It was the highlight of the season for the BMW Motorsport Juniors: the first race together at the 24 Hours of Zolder. Victor Bouveng, Louis Delétraz and Trent Hindman alternated with their head instructor Dirk Adorf at the wheel of the BMW M235i Ra...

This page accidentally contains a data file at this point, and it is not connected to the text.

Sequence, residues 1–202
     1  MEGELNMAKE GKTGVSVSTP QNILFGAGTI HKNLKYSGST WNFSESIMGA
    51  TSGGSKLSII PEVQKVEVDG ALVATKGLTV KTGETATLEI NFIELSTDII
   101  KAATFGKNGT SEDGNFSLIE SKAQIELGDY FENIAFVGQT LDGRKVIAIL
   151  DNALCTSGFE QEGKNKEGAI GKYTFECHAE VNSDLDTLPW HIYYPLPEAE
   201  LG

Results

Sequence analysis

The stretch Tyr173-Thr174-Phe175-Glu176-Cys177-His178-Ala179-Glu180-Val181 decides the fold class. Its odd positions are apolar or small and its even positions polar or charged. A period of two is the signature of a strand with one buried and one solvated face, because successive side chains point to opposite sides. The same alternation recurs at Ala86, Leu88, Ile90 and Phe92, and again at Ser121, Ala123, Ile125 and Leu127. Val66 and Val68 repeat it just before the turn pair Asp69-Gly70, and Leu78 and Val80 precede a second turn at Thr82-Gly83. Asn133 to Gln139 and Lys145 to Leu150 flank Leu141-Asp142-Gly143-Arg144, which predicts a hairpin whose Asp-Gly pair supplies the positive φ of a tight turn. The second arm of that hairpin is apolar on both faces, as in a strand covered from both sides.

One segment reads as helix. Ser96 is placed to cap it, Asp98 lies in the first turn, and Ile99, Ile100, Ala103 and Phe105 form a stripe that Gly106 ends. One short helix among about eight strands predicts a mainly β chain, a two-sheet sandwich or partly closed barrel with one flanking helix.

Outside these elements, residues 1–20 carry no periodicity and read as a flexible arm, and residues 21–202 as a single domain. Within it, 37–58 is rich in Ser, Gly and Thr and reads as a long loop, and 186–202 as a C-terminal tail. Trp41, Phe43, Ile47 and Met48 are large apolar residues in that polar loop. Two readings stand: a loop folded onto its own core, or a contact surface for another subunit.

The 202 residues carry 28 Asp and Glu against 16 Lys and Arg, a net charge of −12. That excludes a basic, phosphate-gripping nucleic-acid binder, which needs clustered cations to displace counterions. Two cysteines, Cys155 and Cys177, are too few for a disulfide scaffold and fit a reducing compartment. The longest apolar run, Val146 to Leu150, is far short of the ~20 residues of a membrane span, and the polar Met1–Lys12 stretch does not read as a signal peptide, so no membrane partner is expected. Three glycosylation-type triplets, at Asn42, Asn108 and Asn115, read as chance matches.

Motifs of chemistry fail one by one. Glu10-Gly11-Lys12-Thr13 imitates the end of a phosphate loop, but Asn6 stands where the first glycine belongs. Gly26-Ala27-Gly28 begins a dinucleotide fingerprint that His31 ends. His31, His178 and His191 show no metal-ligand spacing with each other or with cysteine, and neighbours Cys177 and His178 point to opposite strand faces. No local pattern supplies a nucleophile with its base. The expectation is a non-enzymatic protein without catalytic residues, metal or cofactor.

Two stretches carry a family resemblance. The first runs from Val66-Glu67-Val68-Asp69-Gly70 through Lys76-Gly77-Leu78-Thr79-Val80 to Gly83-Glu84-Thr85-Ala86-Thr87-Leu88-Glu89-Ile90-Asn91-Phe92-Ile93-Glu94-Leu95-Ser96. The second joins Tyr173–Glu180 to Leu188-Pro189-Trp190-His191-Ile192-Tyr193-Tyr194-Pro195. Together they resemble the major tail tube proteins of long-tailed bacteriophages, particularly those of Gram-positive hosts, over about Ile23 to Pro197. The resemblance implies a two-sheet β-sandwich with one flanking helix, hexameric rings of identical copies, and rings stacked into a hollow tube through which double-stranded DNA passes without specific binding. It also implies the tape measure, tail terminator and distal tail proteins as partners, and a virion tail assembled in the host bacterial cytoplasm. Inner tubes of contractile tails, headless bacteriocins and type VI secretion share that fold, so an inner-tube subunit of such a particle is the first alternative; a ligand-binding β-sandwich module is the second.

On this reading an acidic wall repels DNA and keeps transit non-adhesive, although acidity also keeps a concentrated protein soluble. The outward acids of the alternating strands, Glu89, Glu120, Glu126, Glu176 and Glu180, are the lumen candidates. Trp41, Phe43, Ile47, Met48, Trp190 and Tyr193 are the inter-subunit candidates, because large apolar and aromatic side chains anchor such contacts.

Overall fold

It was the highlight of the season for the BMW Motorsport Juniors: the first race together at the 24 Hours of Zolder. Victor Bouveng, Louis Delétraz and Trent Hindman alternated with their head instructor Dirk Adorf at the wheel of the BMW M235i Racing, eventually coming home 15th overall after 710 laps. The quartet finished ninth in the BMW M235i Racing Cup class.